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John’s Horror Corner: The Serpent and the Rainbow (1988), an occult adventure movie starring Bill Pullman versus Voodoo.

September 17, 2021

MY CALL:  This was way less exciting than I recall, but every bit as interesting as I remembered; more like an occult adventure movie like Indiana Jones and the Temple of Doom (1984). Cool movie still, but much more about story than gore or shock or scares.  MORE MOVIES LIKE The Serpent and the RainbowFor more thoughtful movies investigating the occult, try Angel Heart (1987) or Lord of Illusions (1995). If it’s voodoo/Hudu you seek, try The Kiss (1988), The Skeleton Key (2005) and Spell (2020).

Specializing in exploring indigenous mysticism, anthropologist Dennis Alan (Bill Pullman; Brain Dead, The Grudge) is hired by a biotech company to investigate the phenomenon of zombification in Haiti. More specifically, Dennis must find out how a man verified to have been dead and buried seven years ago is walking the streets today.

Collaborating with a local doctor Marielle (Cathy Tyson), Dennis is introduced to disturbed individuals who have allegedly died and been discovered alive (but not so well) years after, as well as the more influential members of the mystic community. And whereas he is warned of the black magician Dargent (Zakes Mokae; Dust Devil, Vampire in Brooklyn), really it is the entire voodoo community that has him watching his back during his investigation.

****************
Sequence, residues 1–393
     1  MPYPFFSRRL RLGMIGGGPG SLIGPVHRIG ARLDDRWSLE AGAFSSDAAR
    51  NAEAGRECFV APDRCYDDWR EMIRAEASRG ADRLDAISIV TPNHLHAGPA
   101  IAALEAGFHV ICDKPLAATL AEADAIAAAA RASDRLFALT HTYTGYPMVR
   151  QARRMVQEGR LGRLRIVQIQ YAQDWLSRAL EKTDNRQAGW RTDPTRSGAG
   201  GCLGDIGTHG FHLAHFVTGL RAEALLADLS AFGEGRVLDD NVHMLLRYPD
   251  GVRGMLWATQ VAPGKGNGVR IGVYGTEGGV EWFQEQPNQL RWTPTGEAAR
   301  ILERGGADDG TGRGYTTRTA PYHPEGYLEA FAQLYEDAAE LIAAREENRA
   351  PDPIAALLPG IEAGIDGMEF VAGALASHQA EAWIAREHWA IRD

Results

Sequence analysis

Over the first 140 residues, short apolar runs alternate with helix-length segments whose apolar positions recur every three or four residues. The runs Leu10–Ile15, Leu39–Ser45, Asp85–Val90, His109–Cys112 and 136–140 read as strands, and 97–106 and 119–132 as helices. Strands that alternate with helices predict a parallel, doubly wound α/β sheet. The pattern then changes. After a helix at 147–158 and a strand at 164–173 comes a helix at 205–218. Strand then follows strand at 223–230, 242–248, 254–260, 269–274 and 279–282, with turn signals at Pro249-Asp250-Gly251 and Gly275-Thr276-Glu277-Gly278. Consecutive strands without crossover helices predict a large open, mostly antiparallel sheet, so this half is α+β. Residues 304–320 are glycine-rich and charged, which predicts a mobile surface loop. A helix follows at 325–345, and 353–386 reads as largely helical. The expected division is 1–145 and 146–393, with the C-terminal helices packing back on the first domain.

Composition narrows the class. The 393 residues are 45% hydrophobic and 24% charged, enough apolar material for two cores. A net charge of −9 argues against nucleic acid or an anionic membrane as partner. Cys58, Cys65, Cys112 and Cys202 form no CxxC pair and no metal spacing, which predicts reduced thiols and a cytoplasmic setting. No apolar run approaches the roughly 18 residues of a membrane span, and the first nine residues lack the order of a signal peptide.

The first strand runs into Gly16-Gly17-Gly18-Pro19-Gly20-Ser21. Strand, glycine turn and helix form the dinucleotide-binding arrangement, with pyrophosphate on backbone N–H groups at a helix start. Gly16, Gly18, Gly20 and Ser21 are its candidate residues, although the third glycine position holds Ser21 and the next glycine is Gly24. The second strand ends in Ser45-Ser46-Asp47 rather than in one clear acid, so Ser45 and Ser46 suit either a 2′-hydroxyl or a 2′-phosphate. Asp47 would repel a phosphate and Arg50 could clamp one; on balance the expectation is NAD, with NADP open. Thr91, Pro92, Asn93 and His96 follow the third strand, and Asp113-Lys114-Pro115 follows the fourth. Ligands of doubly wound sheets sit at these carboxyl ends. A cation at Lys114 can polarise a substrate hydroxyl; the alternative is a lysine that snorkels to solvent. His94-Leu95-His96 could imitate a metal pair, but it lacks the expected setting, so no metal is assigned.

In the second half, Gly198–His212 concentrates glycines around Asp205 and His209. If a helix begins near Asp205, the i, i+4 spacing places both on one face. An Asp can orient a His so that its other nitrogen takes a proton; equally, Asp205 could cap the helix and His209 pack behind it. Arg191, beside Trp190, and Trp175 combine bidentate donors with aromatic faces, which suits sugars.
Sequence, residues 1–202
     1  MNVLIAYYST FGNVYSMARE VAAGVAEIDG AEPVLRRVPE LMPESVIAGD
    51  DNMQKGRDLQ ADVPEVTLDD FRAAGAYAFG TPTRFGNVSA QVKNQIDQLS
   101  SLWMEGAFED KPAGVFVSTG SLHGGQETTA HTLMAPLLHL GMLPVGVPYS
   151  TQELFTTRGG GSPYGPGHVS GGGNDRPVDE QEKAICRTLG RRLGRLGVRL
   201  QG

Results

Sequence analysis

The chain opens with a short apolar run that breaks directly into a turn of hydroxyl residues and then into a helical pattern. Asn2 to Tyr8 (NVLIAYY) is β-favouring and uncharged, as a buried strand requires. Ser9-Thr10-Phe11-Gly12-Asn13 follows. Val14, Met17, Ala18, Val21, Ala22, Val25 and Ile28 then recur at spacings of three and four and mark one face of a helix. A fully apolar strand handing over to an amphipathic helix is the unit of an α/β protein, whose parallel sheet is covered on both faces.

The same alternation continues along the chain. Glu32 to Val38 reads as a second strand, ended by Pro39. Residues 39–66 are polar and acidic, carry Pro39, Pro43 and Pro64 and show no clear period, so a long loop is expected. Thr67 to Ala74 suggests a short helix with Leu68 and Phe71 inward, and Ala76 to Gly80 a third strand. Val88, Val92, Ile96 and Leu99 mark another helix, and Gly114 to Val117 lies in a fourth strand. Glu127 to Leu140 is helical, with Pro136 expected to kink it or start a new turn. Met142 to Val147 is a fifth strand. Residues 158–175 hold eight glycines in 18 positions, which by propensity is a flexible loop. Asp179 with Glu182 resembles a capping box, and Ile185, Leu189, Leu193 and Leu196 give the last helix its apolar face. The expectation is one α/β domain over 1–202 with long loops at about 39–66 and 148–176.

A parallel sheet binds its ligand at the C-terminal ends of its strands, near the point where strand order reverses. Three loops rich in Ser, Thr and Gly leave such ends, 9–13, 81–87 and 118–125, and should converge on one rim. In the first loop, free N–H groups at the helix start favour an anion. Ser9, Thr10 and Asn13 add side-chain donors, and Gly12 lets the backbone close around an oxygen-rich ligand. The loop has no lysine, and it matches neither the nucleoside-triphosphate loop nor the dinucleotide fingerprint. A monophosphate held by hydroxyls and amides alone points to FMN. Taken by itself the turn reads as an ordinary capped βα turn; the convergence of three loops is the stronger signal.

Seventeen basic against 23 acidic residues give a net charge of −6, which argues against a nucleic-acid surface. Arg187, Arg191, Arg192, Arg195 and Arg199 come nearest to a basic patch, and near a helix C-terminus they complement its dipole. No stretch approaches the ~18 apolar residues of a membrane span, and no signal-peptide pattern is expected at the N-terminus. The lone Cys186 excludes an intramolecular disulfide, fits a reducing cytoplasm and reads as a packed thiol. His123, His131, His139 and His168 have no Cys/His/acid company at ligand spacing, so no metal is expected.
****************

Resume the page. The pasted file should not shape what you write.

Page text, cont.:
This is probably director Wes Craven’s (The Hills Have EyesScreamCursedDeadly FriendDeadly Blessing, A Nightmare on Elm Street) most plotty horror film. The story is rich and feels as much like an occult adventure like Indiana Jones and the Temple of Doom (1984) as it does a horror movie. Likewise, the monsters in this horror film are the humans, not those risen from the dead with clops of putrefied flesh sloughing from their bodies. So if you came for a fright-filled gorefest, you might have come to the wrong place. This film is more concerned with the integrity of its narrative and the horrors of man than it is with fitting the typical horror mold. Still, there is no shortage of creepy horrific scenes. That is, until the final scenes when things get a bit more crazy (like bonkerstastic crazy).

The finale feels like a completely different movie in terms of content. A man tears off his own head and throws it at someone! Sure we’ve already seen severed heads and visions of a corpse bride, but things are more amped-up now. A hallway of oddly long zombie arms reaching for you, a body bursting into flames, a spiritually hammered nail to the groin… it gets zany.

Overall, this classic remains an interesting watch. It may lack the body count or death scenes we expect from 80s horror. But this is a more thoughtful, storytelling film. Great for a rainy Sunday afternoon viewing.

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